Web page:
Saudi Arabia Agrees to Let Women Drive
September 26, 2017
Saudi Arabia announced on Tuesday that it would allow women to drive, ending a longstanding policy that has become a global symbol of the oppression of women in the ultraconservative kingdom.
The change, which will take effect in June 2018, was announced in a royal decree read live on state television and in a simultaneous media event in Washington. The decision highlights the damage that the ban on women driving has done to the kingdom’s international reputation and its hopes for a public relations benefit from the reform.
Saudi leaders also hope the new policy will help the economy by increasing women’s participation in the workplace. Many working Saudi women spend much of their salaries on drivers or must be driven to work by male relatives.
“It is amazing,” said Fawziah al-Bakr, a Saudi university professor who was among 47 women who participated in the kingdom’s first protest against the ban — in 1990. After driving around the Saudi capital, Riyadh, the women were arrested and some lost their jobs.
“Since that day, Saudi women have been asking for the right to drive, and finally it arrived,” she said by phone. “We have been waiting for a very long time.”
Continue reading the main story
THE SATURDAY PROFILE
A Saudi Woman Who Got Behind the Wheel and Never Looked Back JUNE 16, 2017
Let Women Drive, a Prince in Saudi Arabia Urges NOV. 30, 2016
Opinion Op-Ed Contributor
Saudi Arabia’s Freedom Riders JUNE 12, 2011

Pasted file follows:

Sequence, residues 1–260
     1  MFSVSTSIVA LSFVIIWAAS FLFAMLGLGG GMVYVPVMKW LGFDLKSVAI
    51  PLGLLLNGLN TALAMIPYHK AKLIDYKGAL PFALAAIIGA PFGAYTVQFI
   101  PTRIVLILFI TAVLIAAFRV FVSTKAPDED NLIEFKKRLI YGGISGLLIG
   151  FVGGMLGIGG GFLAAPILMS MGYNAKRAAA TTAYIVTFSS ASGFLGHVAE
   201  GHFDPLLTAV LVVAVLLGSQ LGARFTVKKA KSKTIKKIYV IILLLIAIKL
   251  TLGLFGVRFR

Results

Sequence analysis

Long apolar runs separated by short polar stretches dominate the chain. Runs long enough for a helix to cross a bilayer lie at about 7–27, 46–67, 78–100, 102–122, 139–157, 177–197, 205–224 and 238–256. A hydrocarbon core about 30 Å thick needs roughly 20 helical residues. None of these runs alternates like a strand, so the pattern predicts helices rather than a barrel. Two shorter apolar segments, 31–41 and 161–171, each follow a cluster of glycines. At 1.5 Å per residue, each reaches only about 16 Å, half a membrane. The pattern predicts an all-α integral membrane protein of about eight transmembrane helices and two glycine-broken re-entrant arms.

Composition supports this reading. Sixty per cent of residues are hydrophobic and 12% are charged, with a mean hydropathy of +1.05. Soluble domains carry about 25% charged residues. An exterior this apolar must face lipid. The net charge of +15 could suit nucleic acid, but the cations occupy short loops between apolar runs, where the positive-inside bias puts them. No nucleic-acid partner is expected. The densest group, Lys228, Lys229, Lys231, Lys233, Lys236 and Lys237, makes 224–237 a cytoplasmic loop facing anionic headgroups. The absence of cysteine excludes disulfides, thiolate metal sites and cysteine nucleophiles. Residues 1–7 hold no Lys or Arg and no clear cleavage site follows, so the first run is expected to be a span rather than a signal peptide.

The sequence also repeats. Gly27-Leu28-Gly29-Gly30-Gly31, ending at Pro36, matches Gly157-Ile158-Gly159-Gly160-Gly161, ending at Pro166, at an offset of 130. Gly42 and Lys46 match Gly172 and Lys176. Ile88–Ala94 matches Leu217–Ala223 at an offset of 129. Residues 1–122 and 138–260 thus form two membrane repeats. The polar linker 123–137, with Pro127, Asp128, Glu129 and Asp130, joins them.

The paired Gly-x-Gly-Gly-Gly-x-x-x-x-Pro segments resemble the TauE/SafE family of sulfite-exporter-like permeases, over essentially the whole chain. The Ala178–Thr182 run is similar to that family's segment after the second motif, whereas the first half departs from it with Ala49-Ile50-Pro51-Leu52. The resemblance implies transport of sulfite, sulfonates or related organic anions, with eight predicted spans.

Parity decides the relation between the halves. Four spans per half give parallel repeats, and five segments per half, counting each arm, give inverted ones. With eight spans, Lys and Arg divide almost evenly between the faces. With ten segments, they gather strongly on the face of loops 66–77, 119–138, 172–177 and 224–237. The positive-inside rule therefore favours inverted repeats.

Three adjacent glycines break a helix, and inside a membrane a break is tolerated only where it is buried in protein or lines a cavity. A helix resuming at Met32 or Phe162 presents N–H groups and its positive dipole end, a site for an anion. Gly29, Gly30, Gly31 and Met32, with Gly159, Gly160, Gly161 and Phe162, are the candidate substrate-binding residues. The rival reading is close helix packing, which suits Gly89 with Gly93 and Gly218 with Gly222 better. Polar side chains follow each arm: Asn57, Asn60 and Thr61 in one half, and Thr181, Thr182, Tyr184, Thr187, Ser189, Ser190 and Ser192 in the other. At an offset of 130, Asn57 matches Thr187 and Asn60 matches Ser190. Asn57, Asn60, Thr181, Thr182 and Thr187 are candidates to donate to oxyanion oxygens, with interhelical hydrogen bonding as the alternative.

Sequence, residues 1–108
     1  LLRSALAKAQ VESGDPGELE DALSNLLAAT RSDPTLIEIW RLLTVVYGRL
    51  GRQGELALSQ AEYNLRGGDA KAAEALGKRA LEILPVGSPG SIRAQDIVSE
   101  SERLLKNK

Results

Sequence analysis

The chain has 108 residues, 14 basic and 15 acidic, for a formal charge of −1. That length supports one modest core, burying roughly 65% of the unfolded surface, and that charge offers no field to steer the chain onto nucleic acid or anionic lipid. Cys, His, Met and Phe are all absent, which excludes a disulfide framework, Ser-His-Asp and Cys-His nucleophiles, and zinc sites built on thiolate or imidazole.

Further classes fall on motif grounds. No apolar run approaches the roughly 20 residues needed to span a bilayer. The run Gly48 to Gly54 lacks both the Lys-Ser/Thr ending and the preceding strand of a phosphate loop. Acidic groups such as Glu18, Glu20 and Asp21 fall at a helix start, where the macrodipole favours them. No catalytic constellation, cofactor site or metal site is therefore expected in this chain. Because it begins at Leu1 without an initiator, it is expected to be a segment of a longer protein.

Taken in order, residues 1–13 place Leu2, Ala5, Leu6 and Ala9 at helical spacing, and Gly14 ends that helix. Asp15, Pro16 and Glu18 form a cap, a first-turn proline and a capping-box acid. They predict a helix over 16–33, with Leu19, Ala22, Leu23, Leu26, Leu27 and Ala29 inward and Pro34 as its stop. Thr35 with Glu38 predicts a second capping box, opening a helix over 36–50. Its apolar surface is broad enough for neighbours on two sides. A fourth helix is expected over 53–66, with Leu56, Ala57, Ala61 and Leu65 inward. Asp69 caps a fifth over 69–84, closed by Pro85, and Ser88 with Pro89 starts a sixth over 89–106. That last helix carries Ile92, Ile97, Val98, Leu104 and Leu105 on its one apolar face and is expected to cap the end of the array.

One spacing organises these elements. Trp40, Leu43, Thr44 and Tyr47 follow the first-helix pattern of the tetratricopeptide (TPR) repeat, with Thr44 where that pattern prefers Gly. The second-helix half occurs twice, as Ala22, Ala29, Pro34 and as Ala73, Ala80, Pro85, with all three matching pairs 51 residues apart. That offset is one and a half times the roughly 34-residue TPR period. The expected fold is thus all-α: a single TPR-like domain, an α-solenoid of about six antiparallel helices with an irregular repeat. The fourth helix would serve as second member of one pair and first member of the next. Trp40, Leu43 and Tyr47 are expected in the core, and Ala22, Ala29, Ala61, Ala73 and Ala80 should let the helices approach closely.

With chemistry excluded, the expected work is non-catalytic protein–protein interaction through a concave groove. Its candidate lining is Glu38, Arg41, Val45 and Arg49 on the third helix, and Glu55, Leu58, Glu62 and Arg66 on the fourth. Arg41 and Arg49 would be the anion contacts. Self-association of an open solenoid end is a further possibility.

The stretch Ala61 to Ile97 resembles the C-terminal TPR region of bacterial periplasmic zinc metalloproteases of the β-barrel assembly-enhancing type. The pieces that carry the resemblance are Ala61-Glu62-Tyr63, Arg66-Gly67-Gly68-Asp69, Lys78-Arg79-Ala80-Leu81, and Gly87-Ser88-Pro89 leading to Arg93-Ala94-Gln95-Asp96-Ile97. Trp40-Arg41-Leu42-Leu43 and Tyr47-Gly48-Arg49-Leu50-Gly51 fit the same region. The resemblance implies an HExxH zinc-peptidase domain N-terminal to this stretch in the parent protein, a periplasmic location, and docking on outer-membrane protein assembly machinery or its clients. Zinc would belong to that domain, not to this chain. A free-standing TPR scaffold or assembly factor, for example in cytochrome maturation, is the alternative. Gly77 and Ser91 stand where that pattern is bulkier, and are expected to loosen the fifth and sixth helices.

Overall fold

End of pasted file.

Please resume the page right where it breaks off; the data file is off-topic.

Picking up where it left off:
Saudis Arrest Woman Leading Right-to-Drive Campaign MAY 23, 2011
Saudi Arabia Debates Women’s Right to Drive SEPT. 28, 2007
Continue reading the main story
Saudi Arabia, home to Islam’s holiest sites, is an absolute monarchy ruled according to Shariah law. Saudi officials and clerics have provided numerous explanations for the ban over the years.
Some said that it was inappropriate in Saudi culture for women to drive, or that male drivers would not know how to handle having women in cars next to them. Others argued that allowing women to drive would lead to promiscuity and the collapse of the Saudi family. One cleric claimed — with no evidence — that driving harmed women’s ovaries.
Rights groups and Saudi activists have long campaigned for the ban to be overturned, and some women have been arrested and jailed for defying the prohibition and taking the wheel.
In 2014, Loujain Hathloul was arrested after trying to cross the border from the United Arab Emirates into Saudi Arabia and detained for 73 days.
“@LoujainHathloul I’m so proud of you,” Fahad Albuteiri, her husband and a well-known Saudi comedian, wrote on Twitter.
Ms. Hathloul tweeted a simple reaction to the news: “Thank god.”
The ban has long marred the image of Saudi Arabia, even among its closest allies, like the United States, whose officials sometimes chafed at a policy shared only by the jihadists of the Islamic State and the Taliban.
The decision won near universal praise in Washington. Heather Nauert, the State Department’s spokeswoman, called it “a great step in the right direction for that country.”
The momentum to change the policy picked up in recent years with the rise of Crown Prince Mohammed bin Salman, the king’s 32-year-old son, who has laid out a far-reaching plan to overhaul the kingdom’s economy and society.
Increasing numbers of women are working in a growing number of professions, and in 2015, women were allowed to vote and to run for seats on the kingdom’s local councils.
Ending the ban on women driving is expected to face some resistance inside the kingdom, where families are highly patriarchal and some men say they worry about their female relatives getting stranded should their cars break down.
But in a small news conference at the Saudi embassy in Washington, an exuberant Prince Khalid bin Salman, the Saudi ambassador, said women would be able to obtain driver’s licenses without having to ask permission of their husbands, fathers or any male guardian — despite so-called “guardianship” laws that give men power over their female relatives.